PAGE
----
Celebrating SUKKOT 5780

Past Articles:
LETTERS





Vital to Vote

The urgent message posted by the SCF in last month’s issue (If You Only Vote Republican, You Need to Read This) raised an important point about the current political climate in the Jewish community – namely that Jews’ disaffection with the Democrats’ various liberal agendas is causing us to lose our collective voice in local elections.

Local government is the most responsible level of government, and the issues and candidates in the primaries reflect a wide range of political agendas. SCF’s message that primaries are the time to vote was spot on, especially in elections where the candidates will run for Congress or will hold local city office.

If you are a Republican because you object to what the Democrats say and/or are against their liberal policies, you still need to seriously think about changing your party affiliation in time to vote Democratic in a primary. To change party affiliations, you need to submit a request at least 25 days before a general election or by the date listed on the Board of Elections Voter Registration Deadlines. It is extremely important that our community is seen as involved by our elected officials. And of course, you can vote for whoever you want on Election Day itself.

Jay E.

Helping Our Singles

Last issue you ran two informative articles about the shidduch crisis (“If Every Person Was a Match Maker…” and “Helping Singles Through Blessings, Inspiration, and Prayer”). Collectively, these articles gave an excellent summary of a growing issue. One of the points that was stressed was that this is a community issue, and everyone must step up. While I do agree with that point, I honestly believe that one of the main reasons there are so many singles, especially older singles, is because they want to “look around.” Back in the day, once you found someone who met your basic requirements – someone you get along with, someone that shares common values and goals – that was enough. Haven’t you ever been to a store, found something that was good but decided to pass on it because you thought you would find something better – only to come home empty handed at the end of the day? Same concept. Don’t miss the opportunities sent by Hashem.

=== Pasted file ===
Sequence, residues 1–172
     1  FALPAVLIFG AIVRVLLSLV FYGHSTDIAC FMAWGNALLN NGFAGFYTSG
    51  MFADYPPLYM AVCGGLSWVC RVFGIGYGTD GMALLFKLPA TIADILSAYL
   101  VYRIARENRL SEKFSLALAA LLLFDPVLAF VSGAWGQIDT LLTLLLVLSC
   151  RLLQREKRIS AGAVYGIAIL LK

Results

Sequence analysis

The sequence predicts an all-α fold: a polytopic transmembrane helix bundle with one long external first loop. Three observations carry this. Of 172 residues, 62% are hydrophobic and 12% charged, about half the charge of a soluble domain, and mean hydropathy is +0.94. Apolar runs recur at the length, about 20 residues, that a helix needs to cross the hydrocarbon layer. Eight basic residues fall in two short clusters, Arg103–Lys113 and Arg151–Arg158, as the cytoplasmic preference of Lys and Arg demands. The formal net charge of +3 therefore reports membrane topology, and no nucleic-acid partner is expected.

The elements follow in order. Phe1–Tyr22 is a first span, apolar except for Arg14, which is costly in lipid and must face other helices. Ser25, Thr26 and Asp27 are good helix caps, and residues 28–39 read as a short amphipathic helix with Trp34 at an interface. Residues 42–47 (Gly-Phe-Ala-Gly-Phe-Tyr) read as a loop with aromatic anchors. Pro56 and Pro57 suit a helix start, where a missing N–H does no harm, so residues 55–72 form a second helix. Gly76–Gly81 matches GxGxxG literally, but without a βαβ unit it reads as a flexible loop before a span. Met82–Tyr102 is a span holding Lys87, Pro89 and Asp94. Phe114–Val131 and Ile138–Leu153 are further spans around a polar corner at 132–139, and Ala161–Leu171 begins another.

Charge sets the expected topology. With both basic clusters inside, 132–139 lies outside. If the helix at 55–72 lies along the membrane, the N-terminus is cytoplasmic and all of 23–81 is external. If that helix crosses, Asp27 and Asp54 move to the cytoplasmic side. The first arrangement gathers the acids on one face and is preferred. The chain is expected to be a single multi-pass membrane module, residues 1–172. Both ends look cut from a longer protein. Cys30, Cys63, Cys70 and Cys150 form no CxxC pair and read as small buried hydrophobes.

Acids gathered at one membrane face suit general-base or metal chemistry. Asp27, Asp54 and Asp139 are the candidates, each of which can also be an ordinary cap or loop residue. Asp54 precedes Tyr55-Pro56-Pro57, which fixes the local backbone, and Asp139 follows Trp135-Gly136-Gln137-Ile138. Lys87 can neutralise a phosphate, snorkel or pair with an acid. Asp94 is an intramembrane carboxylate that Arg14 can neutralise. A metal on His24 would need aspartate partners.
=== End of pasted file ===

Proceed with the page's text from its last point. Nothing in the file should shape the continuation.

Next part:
Ruth G.

Help Wanted

After reading Jido’s advice to “Help Wanted” in the August issue regarding how he could not stand his new boss, I felt compelled to offer another bit of advice.

First - know you are a valuable person in the company. Have confidence in your abilities - you would not have been there for such a long amount of time if you were not doing your job well.
Second - if it’s the boss’s personality that is bothering you, know that you can’t change people. Keep doing your work to the best of your ability.

The next thing you need to do is define what is bothering you. Is it the workload? Has it increased since the new boss came on board? Is it the way the new boss talks to you? After you answer these questions, now you can resolve the issue.

If the problem is the way your new boss speaks to you, you can explain to him that you are hurt by the manner in which he communicates. Chances are, he will listen and will speak with a little more respect, not only to you, but to everyone else as well.

Good luck!
David K.

Evaluation for Dyslexia

The article about Dyslexia (Should My Child Be Evaluated for Dyslexia?) was excellent. It was very informative and explained the disability really well. I would love to see more articles on education and disabilities and what we can do to help our children.

Anonymous